Diabetes affects more than 366 million people worldwide. Type 2 diabetes, which is linked to obesity, is an epidemic in the developed world, and both conditions are on the rise in emerging nations. Diabetes research focuses on understanding the mechanisms that drive this complex disease and on developing medicines that can control blood sugar levels while protecting against related risks like weight gain and heart disease.
Diabetes is a chronic disease in which the body either does not produce insulin (Type 1) or does not produce enough insulin (Type 2). Insulin is necessary to convert sugar and other nutrients into energy. Without insulin, the body cannot use nutrients and cannot regulate blood sugar (glucose) levels properly. Diabetics must use insulin or anti-diabetic drugs to control blood sugar levels throughout their lives.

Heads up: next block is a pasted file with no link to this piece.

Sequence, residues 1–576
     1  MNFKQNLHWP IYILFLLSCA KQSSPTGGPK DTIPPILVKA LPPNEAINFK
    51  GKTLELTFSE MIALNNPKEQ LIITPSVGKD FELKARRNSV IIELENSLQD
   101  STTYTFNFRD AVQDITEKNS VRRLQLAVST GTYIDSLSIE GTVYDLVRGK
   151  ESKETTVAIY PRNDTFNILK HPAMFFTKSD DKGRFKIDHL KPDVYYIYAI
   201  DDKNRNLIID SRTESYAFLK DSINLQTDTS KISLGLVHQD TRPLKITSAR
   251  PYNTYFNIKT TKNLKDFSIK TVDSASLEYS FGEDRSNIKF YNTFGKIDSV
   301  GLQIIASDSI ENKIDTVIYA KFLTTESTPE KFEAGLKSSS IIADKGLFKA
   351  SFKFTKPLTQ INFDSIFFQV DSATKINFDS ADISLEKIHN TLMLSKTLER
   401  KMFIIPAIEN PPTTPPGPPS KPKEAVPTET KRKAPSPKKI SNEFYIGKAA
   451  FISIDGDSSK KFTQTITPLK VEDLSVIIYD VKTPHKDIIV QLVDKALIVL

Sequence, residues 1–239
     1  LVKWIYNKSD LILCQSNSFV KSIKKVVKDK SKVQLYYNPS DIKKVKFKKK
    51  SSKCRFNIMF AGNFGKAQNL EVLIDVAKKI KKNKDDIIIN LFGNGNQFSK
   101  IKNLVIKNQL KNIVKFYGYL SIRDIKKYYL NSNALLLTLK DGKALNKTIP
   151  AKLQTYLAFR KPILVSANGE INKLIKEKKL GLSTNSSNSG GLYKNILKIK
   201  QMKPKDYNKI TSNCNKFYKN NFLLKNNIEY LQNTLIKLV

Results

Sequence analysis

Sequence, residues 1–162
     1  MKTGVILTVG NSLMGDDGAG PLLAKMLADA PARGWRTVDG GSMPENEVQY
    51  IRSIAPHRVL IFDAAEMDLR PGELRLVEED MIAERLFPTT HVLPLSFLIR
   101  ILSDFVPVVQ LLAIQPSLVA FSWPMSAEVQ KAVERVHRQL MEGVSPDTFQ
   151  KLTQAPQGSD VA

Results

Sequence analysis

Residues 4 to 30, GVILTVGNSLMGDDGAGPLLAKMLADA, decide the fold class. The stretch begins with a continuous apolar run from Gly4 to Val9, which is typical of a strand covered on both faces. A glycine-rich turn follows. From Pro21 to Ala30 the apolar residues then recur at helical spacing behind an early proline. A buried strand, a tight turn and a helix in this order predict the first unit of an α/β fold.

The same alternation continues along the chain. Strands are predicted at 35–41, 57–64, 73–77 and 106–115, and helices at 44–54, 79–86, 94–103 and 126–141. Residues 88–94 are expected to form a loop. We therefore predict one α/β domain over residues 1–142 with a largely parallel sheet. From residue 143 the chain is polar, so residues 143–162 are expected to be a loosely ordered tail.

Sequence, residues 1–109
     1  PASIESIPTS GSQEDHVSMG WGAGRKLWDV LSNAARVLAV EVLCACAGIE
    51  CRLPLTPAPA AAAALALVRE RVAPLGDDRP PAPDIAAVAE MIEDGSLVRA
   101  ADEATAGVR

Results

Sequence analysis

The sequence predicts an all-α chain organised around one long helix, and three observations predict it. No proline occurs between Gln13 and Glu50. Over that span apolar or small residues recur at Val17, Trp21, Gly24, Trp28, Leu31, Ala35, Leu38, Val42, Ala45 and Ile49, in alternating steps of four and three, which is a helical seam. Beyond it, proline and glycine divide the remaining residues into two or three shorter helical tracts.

Only about 10 percent of diabetics suffer from Type 1, in which the body fails to make insulin. About 90 percent of diabetics suffer from Type 2, in which the body gradually loses the ability to use and produce insulin. Type 1 diabetics depend on insulin, while people with Type 2 diabetes use combinations of drugs to reduce blood sugar levels and may or may not need insulin.
Type 2 diabetes is a fast-growing, global epidemic that is further driven by an epidemic in obesity. Obesity increases risk for developing diabetes: more than 80% of Type 2 diabetics are overweight. The World Health Organization (WHO) estimates that more than one in 10 of the world's adults (about 500 million) are obese and 1.4 billion are overweight.
People with diabetes face greater risk for a daunting list of life-threatening diseases including heart attack, stroke, kidney failure, blindness and nerve damage. The International Diabetes Foundation estimates that 4.6 million deaths worldwide were attributable to diabetes in 2011. WHO expects the number of diabetes-related deaths worldwide to increase by two thirds between 2008 and 2030.
For information and support to manage and live well with diabetes, patients can contact the American Diabetes Association and the Centers for Disease Control and Prevention.